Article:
KUALA LUMPUR, Jan 25 — A year ago, Zairil Khir Johari’s only association with politics would be his father — the late Tan Sri Mohd Khir Johari, Umno stalwart, former education minister and who served three prime ministers including the late Tunku Abdul Rahman.
Over the past few months, however, Zairil’s name has been the talk of the town, namely through opposition blogs as well as anti-Pakatan Rakyat (PR) blogs over his appearance at the coalition’s last convention in Kepala Batas, where he was a guest speaker.
His retractors have accused him of being a “traitor” and “anti-Malay” for abandoning his late father’s party and choosing to become a part of the DAP — a party which is still feared by many Malays and considered to be pro-Chinese due to its majority Chinese membership.
The DAP has, however, of late extended an olive branch to Malays in its bid to shake off “misconceptions” about the party, and Zairil is seen as an example of the party’s efforts.
Zairil said he chose the DAP over Umno because the PR party shared “common goals” with what the late Khir had looked for in the “old” Umno.
“My father’s Umno is a completely different Umno from today’s Umno. When he joined Umno it was during pre-independence, his struggle was to free our country from the oppression of the British government. Now after more than 50 years of BN rule, the situation is such that people are being colonised, oppressed by our own people, we do not have any freedom.
“There are no civil liberties, so the struggle is still the same. It’s the same struggle, I am just using a different platform, that’s why I chose the DAP over Umno,” said the 28 year old who runs his own chocolate business.
Zairil told The Malaysian Insider that if the late Khir were alive today and at the same age as Zairil, he himself would not be a part of Umno.
“It would go against any principle he believed in. When my father joined Umno it was a grassroots party, most of the members were teachers, my father was a teacher himself… today many of them are in it only for the money and to secure lucrative government contracts,” said Zairil.
Coming from a family of nine siblings including himself, Zairil admitted that many of his peers back in his Penang hometown were grassroots DAP members and had encouraged him to join the party.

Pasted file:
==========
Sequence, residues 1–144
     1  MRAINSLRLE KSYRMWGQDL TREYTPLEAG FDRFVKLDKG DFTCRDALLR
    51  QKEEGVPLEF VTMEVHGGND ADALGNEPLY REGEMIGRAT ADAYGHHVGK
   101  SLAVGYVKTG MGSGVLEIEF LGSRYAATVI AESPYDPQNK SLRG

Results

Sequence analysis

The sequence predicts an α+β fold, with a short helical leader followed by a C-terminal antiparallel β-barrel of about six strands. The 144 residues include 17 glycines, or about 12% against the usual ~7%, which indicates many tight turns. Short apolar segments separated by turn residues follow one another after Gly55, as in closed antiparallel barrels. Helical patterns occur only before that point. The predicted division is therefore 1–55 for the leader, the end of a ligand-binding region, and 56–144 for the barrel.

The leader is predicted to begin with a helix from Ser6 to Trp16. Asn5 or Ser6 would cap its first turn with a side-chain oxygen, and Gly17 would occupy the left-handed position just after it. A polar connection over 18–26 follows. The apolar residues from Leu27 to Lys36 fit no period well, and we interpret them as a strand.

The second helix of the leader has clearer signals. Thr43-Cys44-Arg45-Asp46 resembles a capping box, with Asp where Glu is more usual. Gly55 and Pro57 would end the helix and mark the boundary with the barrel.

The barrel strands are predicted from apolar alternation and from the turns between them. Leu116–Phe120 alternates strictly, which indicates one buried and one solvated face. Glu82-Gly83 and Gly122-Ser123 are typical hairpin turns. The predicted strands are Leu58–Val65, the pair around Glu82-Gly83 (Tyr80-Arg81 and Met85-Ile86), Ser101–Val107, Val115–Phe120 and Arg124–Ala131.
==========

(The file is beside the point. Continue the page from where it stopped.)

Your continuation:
Prior to joining the DAP, Zairil had “followed” its leaders and attended night functions and ceramahs to get a better idea of what the party was about.
“People in DAP, Liew Chin Tong, for example, have been proactive in introducing me to ceramahs. I followed them to Galas. What I’ve been impressed is the influx of young leaders in DAP as well as PKR.
“There is no social mobility in Umno where it is based on patronage and hierarchy. In PR, young leaders who are capable are allowed to shine,” he said.
Zairil told The Malaysian Insider that he consulted many parties before making the decision, including some very “senior” Umno members who had advised him against joining his father’s party.
Zairil said he was “willing” to contribute to DAP in any way he could — even if it meant contesting in the next general election.
“I put myself out there to serve… no one has discussed anything yet but I am willing to serve in any capacity that is needed,” said the father of one.
According to the young politician, PR was a platform which could be used for restoring “civil liberties” in the country with the abolishment of draconian laws such as the Internal Security Act (ISA), the Printing Presses and Publications Act (PPPA), and the Universities and University Colleges Act (UUCA) which prohibits students from being politically active.
“Personally, I am pushing for the Education Department to be a separate entity from the Education Ministry. There is too much politics involved when the department is answerable to a minister. There should be a separate panel to monitor the department, made up of all interested parties in the field of education, and this will also include the ministry,” said Zairil, who said he was writing an academic paper on such a proposal.
Political parties are currently rushing to sign up some 4.3 million unregistered voters.
The DAP takes the lead while Umno follows closely behind.
The DAP registered 32.5 per cent of the 169,838 new voters registered between January and June last year.
Umno registered 32.3 per cent of the new voters while PAS registered 22.7 per cent in the same duration.